4. Those who consistently don't wash up or clean up after themselves, especially when they've used my dishes/stuff to make the mess.
5. The phrase "That was before your time."

List Two: Things/People I Double Hate:

1. Income Tax. I fully support the FairTax. Research and jump on board, my friend.
2. When I'm sewing something and the string gets in an irreversible, impossible to untangle knot FOR NO REASON, even if it's on the backside and doesn't matter. This usually elicits strong language, not for PG audiences.
3. Shaving my legs. Hence, the lovely leg hair I have been cultivating for over a month now.
4. Paris Hilton on the Simple Life.
5. People who watch the Simple Life.

List Three: Things/People I Loathe Entirely:

1. When I specifically ask for No Lettuce on my taco/burger/whatever, and receive my meal complete with lettuce. Enraging.
2. Cruelty to animals. Except for the Seagulls. You can kill them, but do it fast and as painlessly as possible.
3. The Anatomy of Criticism by Northrop Frye.
4. People who bring their children to movies and do not beat them until they are quiet, but instead, allow them to ask questions like, "Mommy, what's Alaska?" during the entire film.
5. Paris Hilton.

See? I have antipathy towards many things. I do not "love" everyone. However, since this has been brought to my attention, I will henceforth be much more sparing and careful with my adjectives. I will try to understand that not everyone is able to interpret my many degrees of enthusiasm.
Not Yours,



List of things to do:

Over the past week, laundry has been the one thing I have been incapable of accomplishing. Today, after my shower, I donned my last pair of panties. I MUST do laundry tomorrow morning in order to have clean underwear. I have needed to do laundry since last Monday. Not the one two days ago; the one before that.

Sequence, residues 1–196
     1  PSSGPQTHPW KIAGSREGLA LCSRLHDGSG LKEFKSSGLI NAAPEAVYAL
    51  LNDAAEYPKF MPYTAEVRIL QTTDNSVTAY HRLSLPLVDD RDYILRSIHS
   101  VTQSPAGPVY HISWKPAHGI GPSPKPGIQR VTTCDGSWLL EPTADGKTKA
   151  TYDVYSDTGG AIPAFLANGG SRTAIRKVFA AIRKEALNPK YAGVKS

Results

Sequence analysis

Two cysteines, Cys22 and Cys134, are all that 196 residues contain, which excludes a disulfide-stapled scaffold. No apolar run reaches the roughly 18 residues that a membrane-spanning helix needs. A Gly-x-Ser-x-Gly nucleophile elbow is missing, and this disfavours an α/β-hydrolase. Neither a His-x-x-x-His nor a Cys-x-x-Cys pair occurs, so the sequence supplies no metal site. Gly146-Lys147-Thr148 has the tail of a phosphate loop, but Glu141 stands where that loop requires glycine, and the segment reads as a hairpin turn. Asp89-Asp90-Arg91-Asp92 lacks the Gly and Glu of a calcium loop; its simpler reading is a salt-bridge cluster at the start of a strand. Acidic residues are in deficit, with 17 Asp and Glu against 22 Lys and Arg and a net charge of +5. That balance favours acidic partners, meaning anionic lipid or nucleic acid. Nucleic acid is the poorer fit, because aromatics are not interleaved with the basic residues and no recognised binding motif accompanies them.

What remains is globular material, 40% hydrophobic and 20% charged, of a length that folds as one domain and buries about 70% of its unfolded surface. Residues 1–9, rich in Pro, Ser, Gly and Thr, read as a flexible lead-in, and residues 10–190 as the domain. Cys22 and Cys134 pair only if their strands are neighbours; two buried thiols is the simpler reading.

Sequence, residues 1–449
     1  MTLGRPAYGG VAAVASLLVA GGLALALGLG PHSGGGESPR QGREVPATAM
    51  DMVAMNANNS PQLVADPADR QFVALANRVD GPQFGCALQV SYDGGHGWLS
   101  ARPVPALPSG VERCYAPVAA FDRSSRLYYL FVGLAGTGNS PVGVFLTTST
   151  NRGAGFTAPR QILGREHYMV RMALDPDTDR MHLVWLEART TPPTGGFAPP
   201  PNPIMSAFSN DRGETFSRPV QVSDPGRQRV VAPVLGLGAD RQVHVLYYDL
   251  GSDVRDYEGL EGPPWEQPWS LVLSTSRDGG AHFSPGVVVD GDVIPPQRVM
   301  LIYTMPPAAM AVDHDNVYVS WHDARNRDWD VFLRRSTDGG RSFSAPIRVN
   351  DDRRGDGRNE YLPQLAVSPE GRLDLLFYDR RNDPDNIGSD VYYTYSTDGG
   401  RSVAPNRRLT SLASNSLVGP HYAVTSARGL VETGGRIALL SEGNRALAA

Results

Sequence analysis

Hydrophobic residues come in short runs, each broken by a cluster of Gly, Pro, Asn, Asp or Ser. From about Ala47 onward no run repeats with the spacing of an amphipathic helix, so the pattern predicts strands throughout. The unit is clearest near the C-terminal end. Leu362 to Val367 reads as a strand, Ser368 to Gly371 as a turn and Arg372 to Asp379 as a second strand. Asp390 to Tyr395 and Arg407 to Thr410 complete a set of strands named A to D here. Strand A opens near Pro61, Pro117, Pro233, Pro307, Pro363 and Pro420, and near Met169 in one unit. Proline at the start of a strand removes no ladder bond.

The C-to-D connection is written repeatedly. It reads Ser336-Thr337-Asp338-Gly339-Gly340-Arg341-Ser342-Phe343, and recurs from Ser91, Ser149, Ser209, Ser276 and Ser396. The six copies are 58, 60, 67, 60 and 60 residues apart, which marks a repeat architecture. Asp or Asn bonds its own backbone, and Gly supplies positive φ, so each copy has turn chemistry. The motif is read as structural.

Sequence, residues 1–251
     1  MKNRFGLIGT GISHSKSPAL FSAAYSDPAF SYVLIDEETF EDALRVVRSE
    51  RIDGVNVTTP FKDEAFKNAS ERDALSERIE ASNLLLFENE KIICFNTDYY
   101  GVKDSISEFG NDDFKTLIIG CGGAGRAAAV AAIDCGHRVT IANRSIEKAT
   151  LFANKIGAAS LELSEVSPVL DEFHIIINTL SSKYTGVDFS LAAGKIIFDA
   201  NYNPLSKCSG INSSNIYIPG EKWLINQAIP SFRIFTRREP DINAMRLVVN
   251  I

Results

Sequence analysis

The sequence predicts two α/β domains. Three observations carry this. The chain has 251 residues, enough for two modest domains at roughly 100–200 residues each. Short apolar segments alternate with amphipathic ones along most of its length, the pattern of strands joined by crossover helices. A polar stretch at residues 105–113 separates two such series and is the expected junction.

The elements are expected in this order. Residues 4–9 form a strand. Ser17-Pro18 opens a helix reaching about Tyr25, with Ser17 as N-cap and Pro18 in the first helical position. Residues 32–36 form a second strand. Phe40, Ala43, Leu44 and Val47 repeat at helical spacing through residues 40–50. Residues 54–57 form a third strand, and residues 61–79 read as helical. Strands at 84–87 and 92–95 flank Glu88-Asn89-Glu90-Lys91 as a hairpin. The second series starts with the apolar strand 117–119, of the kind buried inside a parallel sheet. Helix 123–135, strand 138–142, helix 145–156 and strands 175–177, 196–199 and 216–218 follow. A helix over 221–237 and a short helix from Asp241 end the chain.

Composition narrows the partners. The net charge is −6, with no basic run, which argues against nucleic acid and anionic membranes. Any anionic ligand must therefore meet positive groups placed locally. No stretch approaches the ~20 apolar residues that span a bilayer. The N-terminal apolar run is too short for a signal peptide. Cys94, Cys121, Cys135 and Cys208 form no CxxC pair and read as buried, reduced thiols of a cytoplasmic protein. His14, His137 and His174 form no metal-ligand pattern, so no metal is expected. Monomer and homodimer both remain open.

There's something about laundry that makes me feel productive. I can do nothing all day- lounge around in my pajamas, never shower, brush my teeth only once, make 0 progress on my dissertation, eat 5 All-American double chocolate chip cookies from Sainsburys for 92p, and rarely leave the couch or my bed. But if I did laundry on this day, it is considered one of the more productive in my life. And I don't care to search the deep recesses of my soul to figure out why. I like to leave it simple and clean- like a fresh load of linen, neatly folded and put away. I hate laundry. I loathe it entirely. But, once it is done, I always think, "Now, Danielle, that wasn't so bad, was it? And it feels refreshing to have on clean underwear and to not have to Febreeze the arm pits of your t-shirts so you can wear them more than one day in a row. Stop dreading your laundry, it's rewarding in the end."

However, I still dread it. But I'll do it anyway, and feel incredibly accomplished and an important part of society, the part that does their laundry at the last possible moment when they would have to turn their underwear inside out like their Mamaw used to make them do when the spent the night without a change of clothes. Yes, we are a valuable part of the citizenry. A pillar. A pillar that smells like lavender dryer sheets once a month.